Isuue 2
Monday, 13 March 2017
Charles Darwin University
Species such as the northern brushtail possum are in trouble on some of the NT’s remote islands
Species such as the northern brushtail possum are in trouble on some of the NT’s remote islands

Native species ‘in decline’ on NT island

Native animals are declining on Australia’s second largest island with brush-tailed rabbit-rats, black-footed tree-rats and northern brown bandicoots the worst hit. 

This is one of the findings of a recent Charles Darwin University-led health check of native animals on Melville Island, 80km north of Darwin.

CDU research fellow Dr Brett Murphy said there was concern about what was happening to the brush-tailed rabbit-rats and bandicoots on Melville.

“These species are a red flag,” he said. “In other areas in Northern Australia, like Kakadu National Park, brush-tailed rabbit-rats and bandicoots have been the first mammals to disappear, but not the last.”

University of Melbourne PhD candidate Hugh Davies worked with CDU researchers and the Tiwi Land Rangers to undertake the latest surveys.

“Overall we caught about 40 per cent fewer animals than in the 2002 surveys,” Mr Davies said.

“The result for brush-tailed rabbit-rats was worse, with one-third the number found at most sites. Bandicoots also showed significant declines.”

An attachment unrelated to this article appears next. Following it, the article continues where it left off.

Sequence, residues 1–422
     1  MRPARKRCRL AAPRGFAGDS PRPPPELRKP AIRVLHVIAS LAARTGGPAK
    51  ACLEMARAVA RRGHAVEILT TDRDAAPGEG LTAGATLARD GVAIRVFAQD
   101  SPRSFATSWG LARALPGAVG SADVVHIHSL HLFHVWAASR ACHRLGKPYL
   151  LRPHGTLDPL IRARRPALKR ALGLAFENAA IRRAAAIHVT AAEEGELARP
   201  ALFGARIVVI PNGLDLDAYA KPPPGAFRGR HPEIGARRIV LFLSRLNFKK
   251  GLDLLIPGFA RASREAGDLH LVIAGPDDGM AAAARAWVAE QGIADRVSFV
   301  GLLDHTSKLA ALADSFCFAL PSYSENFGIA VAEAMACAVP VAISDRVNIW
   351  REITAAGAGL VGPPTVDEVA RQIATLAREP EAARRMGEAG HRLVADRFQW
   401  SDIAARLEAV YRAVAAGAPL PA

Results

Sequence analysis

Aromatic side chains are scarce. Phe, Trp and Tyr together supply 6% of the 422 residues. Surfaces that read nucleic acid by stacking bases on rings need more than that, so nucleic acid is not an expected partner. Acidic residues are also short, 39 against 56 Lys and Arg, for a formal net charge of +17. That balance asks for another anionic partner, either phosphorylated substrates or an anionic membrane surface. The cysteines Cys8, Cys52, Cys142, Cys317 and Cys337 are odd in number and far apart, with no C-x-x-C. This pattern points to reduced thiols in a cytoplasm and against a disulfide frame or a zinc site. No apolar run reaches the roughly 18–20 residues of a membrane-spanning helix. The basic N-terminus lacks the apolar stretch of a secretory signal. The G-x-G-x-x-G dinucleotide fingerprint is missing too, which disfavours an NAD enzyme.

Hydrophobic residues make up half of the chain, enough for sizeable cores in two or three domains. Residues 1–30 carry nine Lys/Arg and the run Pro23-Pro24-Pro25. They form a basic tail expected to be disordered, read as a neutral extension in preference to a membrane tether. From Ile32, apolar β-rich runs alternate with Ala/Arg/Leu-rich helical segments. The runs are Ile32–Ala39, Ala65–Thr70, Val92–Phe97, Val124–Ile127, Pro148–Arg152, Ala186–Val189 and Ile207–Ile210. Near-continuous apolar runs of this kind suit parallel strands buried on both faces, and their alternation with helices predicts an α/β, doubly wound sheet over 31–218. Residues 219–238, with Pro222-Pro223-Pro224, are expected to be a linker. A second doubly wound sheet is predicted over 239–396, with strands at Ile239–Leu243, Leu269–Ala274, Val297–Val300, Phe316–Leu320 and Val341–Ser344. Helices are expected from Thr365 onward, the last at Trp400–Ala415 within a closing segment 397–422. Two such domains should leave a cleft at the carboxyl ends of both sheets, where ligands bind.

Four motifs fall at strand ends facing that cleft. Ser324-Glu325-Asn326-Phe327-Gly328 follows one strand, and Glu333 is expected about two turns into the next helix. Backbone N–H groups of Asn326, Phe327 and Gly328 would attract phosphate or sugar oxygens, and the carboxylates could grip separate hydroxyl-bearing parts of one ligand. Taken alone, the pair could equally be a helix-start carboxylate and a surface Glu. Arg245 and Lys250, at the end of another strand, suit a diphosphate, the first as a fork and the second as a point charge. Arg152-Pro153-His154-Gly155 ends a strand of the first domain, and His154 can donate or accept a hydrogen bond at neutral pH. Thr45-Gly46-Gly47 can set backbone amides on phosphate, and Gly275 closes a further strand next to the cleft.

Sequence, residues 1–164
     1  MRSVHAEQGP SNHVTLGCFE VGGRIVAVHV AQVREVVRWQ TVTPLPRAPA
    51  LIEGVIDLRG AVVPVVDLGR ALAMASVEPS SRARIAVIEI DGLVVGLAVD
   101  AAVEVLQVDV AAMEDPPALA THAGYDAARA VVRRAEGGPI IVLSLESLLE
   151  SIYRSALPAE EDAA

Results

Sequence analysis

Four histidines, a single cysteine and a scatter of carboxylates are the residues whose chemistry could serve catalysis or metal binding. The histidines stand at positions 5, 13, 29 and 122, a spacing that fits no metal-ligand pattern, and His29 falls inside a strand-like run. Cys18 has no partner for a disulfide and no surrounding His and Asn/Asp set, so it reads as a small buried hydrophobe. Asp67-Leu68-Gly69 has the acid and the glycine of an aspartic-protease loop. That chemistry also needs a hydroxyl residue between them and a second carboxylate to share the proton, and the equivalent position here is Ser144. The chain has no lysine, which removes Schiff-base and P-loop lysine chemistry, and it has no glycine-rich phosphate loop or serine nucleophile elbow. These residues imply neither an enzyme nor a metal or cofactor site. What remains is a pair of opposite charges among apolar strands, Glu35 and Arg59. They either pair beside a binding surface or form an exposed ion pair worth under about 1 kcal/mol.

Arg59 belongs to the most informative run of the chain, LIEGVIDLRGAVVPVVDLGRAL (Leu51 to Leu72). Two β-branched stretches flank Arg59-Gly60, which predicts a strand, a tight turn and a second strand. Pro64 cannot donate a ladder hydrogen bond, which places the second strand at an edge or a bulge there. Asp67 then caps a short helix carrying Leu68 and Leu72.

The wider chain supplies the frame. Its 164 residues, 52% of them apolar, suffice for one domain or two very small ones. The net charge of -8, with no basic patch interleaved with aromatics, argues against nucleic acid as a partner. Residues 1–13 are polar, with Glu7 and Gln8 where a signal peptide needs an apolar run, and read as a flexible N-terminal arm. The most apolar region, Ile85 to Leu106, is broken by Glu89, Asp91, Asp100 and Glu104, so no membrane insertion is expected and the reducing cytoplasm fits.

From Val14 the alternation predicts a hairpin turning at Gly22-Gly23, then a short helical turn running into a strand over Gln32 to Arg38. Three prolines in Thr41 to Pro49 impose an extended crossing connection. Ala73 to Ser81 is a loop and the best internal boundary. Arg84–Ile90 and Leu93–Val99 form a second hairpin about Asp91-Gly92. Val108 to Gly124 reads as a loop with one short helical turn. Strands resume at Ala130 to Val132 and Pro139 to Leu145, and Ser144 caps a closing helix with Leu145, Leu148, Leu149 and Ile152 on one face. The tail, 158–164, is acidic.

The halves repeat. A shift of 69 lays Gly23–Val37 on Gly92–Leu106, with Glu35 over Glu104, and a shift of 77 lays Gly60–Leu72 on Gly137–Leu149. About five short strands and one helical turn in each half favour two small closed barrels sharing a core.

Mr Davies said the two factors most strongly correlated with finding mammals in an area were a thick shrub layer and an absence of feral cats.

Tiwi Land Ranger Willie Rioli worked with Mr Davies on the surveys, which used a variety of trapping methods including camera traps.

“The result showing fewer native animals isn’t good, and we are seeing more cats than before,” Mr Rioli said. 

“We are trying to do burns early. It makes them patchy and leaves more habitat for the native wildlife, more food for them and more places to hide from cats.”

Dr Murphy said researchers had hoped that the Tiwi Islands would serve as a refuge for many animal species that had disappeared from the mainland.

“Unfortunately that does not seem to be the case,” he said.

The project was a collaboration between CDU, the University of Melbourne and the Tiwi Land Council with support from the Northern Territory Government and the Threatened Species Recovery Hub of the Australian Government’s National Environmental Science Programme.

The survey findings have been published in the research journal Diversity and Distributions.